The Leadership/Management self assessment instrument overleaf comprises fourteen scales with contrasting competencies located at the extremities of each scale; in the left hand column, leadership competencies and in the rightmost column, management competencies. Many roles in contemporary organisations require a mix of the competencies represented on each scale.
For a quick self-assessment, mark each scale at the appropriate point to reflect where you see yourself. For example, if you expend about 25% of your time and energy focused on the future and about 75% of your time and energy on issues of current concern, place a mark at the first vertical bar from the left on the first scale.
Follow this procedure with each of the other 13 scales to discover your current mix.
The leadership/management self assessment instrument has a range of other uses and some of these are suggested on the page following the instrument.
Other uses of the Leadership/management self-assessment
You can use the leadership/management self assessment instrument in any or a combination of the following ways:
A. Thinking about your current role and how you divide your time and energy rate yourself against each of the fourteen scales for a clearer view of your current leadership/management mix.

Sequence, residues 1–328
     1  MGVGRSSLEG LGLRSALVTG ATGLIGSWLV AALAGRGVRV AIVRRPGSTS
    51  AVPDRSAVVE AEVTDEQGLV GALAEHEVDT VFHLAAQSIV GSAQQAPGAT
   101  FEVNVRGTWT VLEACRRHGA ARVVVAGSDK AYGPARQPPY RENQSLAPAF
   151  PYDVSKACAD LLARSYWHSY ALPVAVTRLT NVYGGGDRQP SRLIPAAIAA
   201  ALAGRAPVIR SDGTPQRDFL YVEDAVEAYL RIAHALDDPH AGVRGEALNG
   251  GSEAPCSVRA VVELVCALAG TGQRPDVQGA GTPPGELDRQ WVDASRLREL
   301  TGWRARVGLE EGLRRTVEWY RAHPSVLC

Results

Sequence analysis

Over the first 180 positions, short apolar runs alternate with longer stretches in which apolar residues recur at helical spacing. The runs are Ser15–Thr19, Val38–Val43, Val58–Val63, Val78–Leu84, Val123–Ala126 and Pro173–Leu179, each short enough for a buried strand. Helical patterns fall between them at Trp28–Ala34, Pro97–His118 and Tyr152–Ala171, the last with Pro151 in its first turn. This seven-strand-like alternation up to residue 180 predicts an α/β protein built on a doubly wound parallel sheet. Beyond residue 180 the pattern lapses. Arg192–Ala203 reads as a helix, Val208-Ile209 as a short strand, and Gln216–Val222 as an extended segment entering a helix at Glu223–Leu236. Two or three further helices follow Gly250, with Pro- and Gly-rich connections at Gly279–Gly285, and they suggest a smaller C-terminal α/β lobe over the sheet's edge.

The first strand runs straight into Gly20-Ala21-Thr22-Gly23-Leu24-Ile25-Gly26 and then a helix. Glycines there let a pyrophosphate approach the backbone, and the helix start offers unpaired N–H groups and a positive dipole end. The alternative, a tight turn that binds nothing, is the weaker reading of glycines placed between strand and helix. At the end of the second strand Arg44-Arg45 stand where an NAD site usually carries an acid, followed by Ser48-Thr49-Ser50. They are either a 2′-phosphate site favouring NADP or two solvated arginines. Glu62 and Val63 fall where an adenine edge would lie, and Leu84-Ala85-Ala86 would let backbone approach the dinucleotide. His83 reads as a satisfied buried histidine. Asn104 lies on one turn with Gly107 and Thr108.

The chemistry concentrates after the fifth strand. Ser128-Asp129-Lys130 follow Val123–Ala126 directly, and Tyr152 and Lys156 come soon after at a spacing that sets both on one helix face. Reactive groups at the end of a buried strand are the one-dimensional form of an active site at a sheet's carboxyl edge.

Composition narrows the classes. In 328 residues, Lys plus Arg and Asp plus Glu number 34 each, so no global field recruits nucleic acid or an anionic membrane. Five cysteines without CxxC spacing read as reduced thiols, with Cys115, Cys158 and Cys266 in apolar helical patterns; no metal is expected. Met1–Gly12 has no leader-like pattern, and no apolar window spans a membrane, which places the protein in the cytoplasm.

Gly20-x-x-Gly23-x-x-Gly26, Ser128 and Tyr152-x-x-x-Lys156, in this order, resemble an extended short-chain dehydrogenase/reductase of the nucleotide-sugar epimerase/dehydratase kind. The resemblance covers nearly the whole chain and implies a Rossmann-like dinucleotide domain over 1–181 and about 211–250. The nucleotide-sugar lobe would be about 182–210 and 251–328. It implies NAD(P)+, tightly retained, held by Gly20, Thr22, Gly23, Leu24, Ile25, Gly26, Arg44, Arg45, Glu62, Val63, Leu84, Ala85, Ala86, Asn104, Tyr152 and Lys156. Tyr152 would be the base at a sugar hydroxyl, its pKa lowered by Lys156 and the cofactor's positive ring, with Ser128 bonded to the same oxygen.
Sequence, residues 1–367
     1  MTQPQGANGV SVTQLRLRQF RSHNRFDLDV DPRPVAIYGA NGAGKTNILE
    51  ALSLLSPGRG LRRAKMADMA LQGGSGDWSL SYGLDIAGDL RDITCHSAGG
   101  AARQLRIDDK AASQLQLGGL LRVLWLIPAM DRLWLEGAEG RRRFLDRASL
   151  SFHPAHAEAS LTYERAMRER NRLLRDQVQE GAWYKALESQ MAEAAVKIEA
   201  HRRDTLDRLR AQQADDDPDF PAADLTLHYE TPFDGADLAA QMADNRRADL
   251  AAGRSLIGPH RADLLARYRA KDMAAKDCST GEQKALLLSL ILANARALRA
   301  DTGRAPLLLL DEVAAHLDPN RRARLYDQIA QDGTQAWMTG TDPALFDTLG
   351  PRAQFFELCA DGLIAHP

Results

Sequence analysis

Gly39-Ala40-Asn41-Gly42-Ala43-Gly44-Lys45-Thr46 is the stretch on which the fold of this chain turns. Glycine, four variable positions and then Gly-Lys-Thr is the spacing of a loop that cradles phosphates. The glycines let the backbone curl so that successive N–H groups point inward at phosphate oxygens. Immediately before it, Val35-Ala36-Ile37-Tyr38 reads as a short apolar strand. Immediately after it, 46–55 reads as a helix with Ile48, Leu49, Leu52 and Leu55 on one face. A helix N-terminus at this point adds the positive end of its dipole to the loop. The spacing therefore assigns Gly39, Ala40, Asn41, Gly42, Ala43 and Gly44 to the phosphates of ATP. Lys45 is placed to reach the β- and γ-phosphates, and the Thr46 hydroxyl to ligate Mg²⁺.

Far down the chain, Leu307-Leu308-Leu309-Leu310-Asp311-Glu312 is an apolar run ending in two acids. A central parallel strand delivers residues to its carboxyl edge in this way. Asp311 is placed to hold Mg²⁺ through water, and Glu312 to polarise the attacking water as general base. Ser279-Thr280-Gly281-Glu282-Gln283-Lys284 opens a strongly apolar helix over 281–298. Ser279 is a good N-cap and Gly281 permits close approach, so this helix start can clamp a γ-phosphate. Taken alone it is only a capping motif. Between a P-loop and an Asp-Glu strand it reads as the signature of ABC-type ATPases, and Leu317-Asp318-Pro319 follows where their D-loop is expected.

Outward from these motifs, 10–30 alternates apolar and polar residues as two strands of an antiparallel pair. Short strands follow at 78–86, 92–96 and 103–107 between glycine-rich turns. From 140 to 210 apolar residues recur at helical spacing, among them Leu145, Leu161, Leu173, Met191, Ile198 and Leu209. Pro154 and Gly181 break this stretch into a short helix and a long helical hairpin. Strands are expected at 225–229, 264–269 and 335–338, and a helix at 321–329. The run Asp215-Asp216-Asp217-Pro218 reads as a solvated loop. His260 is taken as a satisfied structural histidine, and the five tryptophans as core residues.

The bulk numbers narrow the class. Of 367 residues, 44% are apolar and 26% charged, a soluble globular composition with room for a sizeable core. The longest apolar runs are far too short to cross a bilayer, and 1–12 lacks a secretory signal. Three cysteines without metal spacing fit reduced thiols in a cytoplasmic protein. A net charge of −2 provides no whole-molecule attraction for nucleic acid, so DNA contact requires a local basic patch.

B. Against each scale consider what would be the ideal mix given the expectations of you in your current role. The difference in your results between A and B would provide a basis for a personal professional development plan.
C. Ask a colleague to rate how they perceive you. Whilst their assessment should not be a substitute for your own assessment any discrepancies will provide you with food for thought in your professional development planning.
D. Ask your boss to rate how they perceive you.
E. Define the mix of management/leadership competencies required for a particular role into which you need to recruit. The results from this would provide useful input into the recruitment process.
F. Use the scales to define the ideal role for you given your career interests personality profile and demonstrable competencies.
A note for language enthusiasts
The origin of the word ‘management’ is the Latin word manus which means ‘hand’ whereas ‘leadership’ comes from the Anglo-Saxon word laed meaning ‘path’ or ‘road’. It follows that management is about handling things and leadership is about moving in a direction.
About the Author
Janet Fitzell is an independent organisational consultant coach and facilitator specialising in organisational and leadership development governance and performance improvement and team planning and development through FourLeaf Consulting (www.fourleaf.com.au).